The organisers of an Irish festival celebrating the life and times of Che Guevara have defended their forthcoming event in County Clare.
Guevara’s eldest daughter Almeida is to be the guest of honour at the September festival in the seaside resort of Kilkee.
Critics of the proposed statue to Guevara in Galway city have also hit out at the festival which, they claim, will deter American investment in Ireland and hit the tourist trade.
But the Clare organisers have hit back at criticism and insist they will go ahead with their event in September, a year after the first Che Guevara festival celebrating his brief stay in the town in 1961.
Spokesman Tom Byrne said: “Ms Guevara is aware of the controversy in Galway but those who are critical of the plans there are completely misguided in their view that the statue may deter US investment here.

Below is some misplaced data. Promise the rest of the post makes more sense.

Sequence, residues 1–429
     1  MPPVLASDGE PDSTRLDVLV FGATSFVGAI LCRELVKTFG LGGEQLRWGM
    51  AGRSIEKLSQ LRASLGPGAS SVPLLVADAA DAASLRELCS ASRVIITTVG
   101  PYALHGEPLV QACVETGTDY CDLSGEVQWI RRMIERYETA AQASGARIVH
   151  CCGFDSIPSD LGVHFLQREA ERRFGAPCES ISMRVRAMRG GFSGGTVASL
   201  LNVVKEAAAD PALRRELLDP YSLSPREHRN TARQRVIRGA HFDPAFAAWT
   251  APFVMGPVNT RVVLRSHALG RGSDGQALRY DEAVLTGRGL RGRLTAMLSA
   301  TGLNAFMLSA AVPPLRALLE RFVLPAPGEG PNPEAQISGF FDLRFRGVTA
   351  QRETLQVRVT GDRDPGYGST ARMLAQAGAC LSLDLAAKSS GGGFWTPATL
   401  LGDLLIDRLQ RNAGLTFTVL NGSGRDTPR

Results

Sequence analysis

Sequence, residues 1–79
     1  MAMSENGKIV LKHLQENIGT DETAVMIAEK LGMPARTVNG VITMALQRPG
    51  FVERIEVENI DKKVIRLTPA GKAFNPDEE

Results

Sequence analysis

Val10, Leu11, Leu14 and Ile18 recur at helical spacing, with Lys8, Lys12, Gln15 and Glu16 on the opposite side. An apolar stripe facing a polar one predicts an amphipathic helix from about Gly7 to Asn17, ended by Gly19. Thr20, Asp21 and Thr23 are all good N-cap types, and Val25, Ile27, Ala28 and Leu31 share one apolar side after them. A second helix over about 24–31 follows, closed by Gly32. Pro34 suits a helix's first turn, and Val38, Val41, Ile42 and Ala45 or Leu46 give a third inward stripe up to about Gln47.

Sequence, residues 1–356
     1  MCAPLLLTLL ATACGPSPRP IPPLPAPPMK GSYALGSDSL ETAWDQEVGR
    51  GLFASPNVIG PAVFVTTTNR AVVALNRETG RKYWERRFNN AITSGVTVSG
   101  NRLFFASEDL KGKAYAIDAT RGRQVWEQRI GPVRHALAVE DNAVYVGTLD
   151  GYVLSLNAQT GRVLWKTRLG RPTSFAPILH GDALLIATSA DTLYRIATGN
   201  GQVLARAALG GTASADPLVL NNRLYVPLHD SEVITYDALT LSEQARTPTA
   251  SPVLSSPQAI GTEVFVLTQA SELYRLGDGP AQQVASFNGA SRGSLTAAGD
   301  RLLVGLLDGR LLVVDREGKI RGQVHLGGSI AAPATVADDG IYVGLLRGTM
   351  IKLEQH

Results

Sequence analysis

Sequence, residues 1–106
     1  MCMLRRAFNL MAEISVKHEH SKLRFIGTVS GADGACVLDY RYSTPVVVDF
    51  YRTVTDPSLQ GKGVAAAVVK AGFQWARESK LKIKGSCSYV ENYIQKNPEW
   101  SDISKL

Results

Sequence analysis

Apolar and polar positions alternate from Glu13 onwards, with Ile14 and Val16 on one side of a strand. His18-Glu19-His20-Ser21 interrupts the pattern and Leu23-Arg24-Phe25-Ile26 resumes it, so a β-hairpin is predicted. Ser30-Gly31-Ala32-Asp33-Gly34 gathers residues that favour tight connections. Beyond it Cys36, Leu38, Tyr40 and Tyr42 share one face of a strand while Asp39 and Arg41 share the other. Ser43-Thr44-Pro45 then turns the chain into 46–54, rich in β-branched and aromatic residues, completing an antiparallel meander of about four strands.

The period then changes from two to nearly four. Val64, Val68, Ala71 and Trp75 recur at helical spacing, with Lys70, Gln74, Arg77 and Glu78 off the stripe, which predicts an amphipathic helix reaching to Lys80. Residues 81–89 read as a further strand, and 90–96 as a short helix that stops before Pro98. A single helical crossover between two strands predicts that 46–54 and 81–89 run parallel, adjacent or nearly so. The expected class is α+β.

“The statue of Oliver Cromwell outside the Houses of Parliament in London doesn’t put me off going to London, a city that I love.
“The Che Guevara image created by Irish artist Jim Fitzpatrick has become as famous as the Coca Cola logo and is recognised as one of enduring images of the 20th Century.
“We are proud to say that this image was the product of that fateful meeting between Guevara and Mr Fitzpatrick in Kilkee.”
According to the Irish Independent, Guevara’s daughter plans to meet Irish relations – his family were descended from the Lynch clan in the West – and will speak on her Celtic roots.
“Ms Guevara will meet her Irish relations and she will talk on the fact that the revolutionary blood that coursed in Guevara’s veins was attributed by Che’s own father to his Irish ancestry and his admiration of the leaders of 1916,” added Byrne.
The most popular Irish language baby names for boys